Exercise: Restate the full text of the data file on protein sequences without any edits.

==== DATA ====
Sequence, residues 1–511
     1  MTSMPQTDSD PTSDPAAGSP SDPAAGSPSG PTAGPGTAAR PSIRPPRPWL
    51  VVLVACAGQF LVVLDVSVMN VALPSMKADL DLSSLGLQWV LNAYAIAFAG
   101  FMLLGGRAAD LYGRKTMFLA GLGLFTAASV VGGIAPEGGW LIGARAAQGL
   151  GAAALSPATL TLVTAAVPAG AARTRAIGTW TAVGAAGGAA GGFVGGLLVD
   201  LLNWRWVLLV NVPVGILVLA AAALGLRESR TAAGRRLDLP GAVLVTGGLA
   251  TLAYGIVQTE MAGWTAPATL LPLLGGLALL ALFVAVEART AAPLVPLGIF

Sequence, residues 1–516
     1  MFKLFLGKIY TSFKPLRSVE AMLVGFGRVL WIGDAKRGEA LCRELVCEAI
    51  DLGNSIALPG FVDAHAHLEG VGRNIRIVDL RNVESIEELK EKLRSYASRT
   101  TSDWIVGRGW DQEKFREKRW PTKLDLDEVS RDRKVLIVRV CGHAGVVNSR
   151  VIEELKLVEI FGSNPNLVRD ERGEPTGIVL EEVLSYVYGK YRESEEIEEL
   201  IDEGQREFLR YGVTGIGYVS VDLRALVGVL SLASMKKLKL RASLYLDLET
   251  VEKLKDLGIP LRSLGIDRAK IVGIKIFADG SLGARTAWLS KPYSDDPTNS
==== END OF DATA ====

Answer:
Sequence, residues 1–511
     1  MTSMPQTDSD PTSDPAAGSP SDPAAGSPSG PTAGPGTAAR PSIRPPRPWL
    51  VVLVACAGQF LVVLDVSVMN VALPSMKADL DLSSLGLQWV LNAYAIAFAG
   101  FMLLGGRAAD LYGRKTMFLA GLGLFTAASV VGGIAPEGGW LIGARAAQGL
   151  GAAALSPATL TLVTAAVPAG AARTRAIGTW TAVGAAGGAA GGFVGGLLVD
   201  LLNWRWVLLV NVPVGILVLA AAALGLRESR TAAGRRLDLP GAVLVTGGLA
   251  TLAYGIVQTE MAGWTAPATL LPLLGGLALL ALFVAVEART AAPLVPLGIF

Sequence, residues 1–516
     1  MFKLFLGKIY TSFKPLRSVE AMLVGFGRVL WIGDAKRGEA LCRELVCEAI
    51  DLGNSIALPG FVDAHAHLEG VGRNIRIVDL RNVESIEELK EKLRSYASRT
   101  TSDWIVGRGW DQEKFREKRW PTKLDLDEVS RDRKVLIVRV CGHAGVVNSR
   151  VIEELKLVEI FGSNPNLVRD ERGEPTGIVL EEVLSYVYGK YRESEEIEEL
   201  IDEGQREFLR YGVTGIGYVS VDLRALVGVL SLASMKKLKL RASLYLDLET
   251  VEKLKDLGIP LRSLGIDRAK IVGIKIFADG SLGARTAWLS KPYSDDPTNS